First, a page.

23 November 2010
Ingrid Pitt (1937 - 2010)
Marcus Hearn pays tribute to the star of The Vampire Lovers and Countess Dracula, who died today.
Underrated as both an actress and a writer, Ingrid Pitt was a warm but stubbornly enigmatic figure. She was one of the most renowned stars of British horror cinema, although she only appeared in a handful of genre productions. And Hammer fans the world over regarded her as a friend, although few could agree on her real name, let alone the contradictory details of her personal history.
Born in Poland in 1937, Ingrid survived a Nazi concentration camp and later risked her life to cross the Iron Curtain. She initially settled in Colorado, where she lived on a reservation with Native Americans, before moving to Spain in 1964. She had a handful of roles in low-budget films before being cast in the wartime blockbuster Where Eagles Dare (1968). She was never more beautiful on screen, and joked that her co-stars Clint Eastwood and Richard Burton placed bets on who would win her affections.
James Carreras was similarly dazzled, and cast her as Carmilla in The Vampire Lovers. This was Hammer’s first production of the 1970s and the film that took the company into new, erotically-charged territory. Ingrid was already 32, older than most of the competition for the role, but her looks and spontaneity made her irresistible. And she didn’t baulk at the film’s controversial lesbian scenes.
There was further nudity in 1971’s Countess Dracula, but Ingrid could do little to lift the relatively tepid plot. Her relationship with director Peter Sasdy was fractious, and she suffered the indignity of having her voice dubbed in post-production. She fared better with a memorable cameo in Amicus’ The House That Dripped Blood (1971), but her typically uninhibited contribution to The Wicker Man (1973) was largely cut from the finished film.
In 1974 Ingrid met Formula One team manager Tony Rudlin, and she remained devoted to him for the rest of her life. Her genre career seemingly over, she tackled a wide variety of roles, with notable appearances in television series Doctor Who (1972 and 1984), Smiley’s People (1982) and the film Who Dares Wins (1982).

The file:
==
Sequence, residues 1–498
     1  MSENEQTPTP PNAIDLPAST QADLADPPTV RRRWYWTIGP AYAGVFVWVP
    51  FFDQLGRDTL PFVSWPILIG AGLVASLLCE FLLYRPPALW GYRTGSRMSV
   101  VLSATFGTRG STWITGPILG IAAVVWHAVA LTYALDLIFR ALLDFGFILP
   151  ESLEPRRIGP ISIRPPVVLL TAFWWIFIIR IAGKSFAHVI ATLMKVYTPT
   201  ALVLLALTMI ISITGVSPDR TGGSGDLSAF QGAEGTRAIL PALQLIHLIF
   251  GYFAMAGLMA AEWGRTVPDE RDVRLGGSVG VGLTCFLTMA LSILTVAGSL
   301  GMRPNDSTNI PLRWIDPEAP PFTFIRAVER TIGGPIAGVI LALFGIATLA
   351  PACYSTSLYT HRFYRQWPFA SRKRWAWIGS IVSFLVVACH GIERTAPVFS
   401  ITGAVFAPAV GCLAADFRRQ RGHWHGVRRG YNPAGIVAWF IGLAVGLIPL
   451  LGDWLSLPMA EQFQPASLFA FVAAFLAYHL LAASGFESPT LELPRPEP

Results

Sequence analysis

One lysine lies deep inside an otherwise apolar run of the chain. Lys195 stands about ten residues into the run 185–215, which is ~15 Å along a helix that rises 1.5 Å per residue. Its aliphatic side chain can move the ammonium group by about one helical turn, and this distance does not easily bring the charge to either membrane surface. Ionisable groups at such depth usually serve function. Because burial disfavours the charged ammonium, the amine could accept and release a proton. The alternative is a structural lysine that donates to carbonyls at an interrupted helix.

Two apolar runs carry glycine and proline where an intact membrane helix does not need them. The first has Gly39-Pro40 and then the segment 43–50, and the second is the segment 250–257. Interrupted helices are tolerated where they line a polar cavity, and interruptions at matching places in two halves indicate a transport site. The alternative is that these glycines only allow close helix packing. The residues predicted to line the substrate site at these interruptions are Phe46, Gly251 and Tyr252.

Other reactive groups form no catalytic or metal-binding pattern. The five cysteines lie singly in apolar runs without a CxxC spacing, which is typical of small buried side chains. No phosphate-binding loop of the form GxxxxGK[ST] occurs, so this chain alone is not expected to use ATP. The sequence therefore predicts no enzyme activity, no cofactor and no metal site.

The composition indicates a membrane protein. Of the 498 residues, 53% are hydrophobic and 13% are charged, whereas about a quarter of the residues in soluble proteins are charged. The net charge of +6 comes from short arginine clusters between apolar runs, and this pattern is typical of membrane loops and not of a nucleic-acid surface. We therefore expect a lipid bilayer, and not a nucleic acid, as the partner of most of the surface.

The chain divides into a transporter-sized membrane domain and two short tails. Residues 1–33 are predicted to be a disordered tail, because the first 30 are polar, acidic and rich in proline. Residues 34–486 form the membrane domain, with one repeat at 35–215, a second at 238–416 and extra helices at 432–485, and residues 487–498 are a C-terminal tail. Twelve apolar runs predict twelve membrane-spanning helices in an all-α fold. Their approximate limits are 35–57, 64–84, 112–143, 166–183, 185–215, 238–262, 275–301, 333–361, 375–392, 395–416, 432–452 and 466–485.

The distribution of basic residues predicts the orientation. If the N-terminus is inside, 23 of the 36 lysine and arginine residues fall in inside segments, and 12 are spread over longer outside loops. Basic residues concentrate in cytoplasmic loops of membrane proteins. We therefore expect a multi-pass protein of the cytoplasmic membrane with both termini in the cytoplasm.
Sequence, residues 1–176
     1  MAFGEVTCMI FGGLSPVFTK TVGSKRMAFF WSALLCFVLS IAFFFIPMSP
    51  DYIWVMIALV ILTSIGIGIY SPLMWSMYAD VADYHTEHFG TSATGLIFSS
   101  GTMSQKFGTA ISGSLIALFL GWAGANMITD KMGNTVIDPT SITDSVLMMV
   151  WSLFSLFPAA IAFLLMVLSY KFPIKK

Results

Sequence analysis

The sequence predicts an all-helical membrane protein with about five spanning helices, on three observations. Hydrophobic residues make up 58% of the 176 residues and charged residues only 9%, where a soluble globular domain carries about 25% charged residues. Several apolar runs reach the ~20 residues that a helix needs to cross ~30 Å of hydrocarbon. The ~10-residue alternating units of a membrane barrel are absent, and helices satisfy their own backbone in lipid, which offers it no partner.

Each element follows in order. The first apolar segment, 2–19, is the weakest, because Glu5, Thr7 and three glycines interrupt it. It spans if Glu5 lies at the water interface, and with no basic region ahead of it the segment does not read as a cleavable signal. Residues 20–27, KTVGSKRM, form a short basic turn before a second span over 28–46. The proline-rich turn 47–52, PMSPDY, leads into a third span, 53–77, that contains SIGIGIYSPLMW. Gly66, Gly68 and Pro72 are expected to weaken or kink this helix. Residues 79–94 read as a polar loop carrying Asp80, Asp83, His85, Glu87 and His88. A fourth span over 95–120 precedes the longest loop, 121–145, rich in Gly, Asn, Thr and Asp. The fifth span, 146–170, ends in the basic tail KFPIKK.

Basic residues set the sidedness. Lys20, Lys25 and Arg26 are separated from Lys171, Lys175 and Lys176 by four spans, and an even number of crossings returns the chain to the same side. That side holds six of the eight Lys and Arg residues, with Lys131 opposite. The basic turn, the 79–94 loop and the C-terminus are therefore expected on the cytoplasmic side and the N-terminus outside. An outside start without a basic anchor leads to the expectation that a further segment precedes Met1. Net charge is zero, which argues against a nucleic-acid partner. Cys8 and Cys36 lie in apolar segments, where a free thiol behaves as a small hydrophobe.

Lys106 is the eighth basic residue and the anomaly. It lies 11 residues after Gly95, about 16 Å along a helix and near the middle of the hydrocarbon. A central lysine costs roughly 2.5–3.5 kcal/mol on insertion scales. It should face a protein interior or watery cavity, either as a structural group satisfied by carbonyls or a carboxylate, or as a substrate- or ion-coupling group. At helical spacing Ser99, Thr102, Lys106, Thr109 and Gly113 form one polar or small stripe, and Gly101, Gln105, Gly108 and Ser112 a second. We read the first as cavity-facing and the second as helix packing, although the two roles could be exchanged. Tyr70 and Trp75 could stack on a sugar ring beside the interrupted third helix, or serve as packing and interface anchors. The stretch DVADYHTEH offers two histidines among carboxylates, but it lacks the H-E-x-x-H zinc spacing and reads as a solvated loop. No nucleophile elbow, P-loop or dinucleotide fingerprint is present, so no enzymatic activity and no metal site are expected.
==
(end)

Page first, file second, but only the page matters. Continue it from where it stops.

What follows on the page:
When acting parts became scarce Ingrid fell back on her other major talent, as a writer. A witty and opinionated columnist, she also wrote children’s stories, novels, reference books and an autobiography, Life’s a Scream, that laid bare the real-life horror of her childhood years.
By the time I got to know Ingrid in the mid-1990s I suspect her flamboyant screen persona had already begun to subsume her true personality. She would playfully refer to her own breasts as ‘Tom and Jerry’, and in restaurants order rare steak and Bloody Marys; all, I suspect, for the pleasure of seeing my shocked reaction. After one such meeting in a bar off Fleet Street, she asked me for directions to her next meeting in town. I told her it was simple, and that there was a tube station just down the road. This was my turn to surprise her. “Darling,” she said, alarmed at the prospect of travelling by public transport, “that would be absurd!”
In her last decade Ingrid’s health declined rapidly and our meetings became less frequent. Tony was always there for her, and escorted her to numerous film fairs, conventions and fan club reunions at the Polish Club in Hammersmith.
When Hammer returned to production in 2007, Ingrid was the first member of the old guard they called upon for a cameo appearance in Beyond The Rave. Two years later, I considered her a central part of my book Hammer Glamour. By this time I had known her for around 15 years, but this was the first time I had formally interviewed her. She was frail, but typically feisty in her defence of The Vampire Lovers. “It might have been shocking, but it wasn’t dirty,” she insisted. “I loved it when I had nothing on.”
Sentiments that will be echoed by us all when we remember Hammer’s most iconic leading lady.
21 November 1937 – 23 November 2010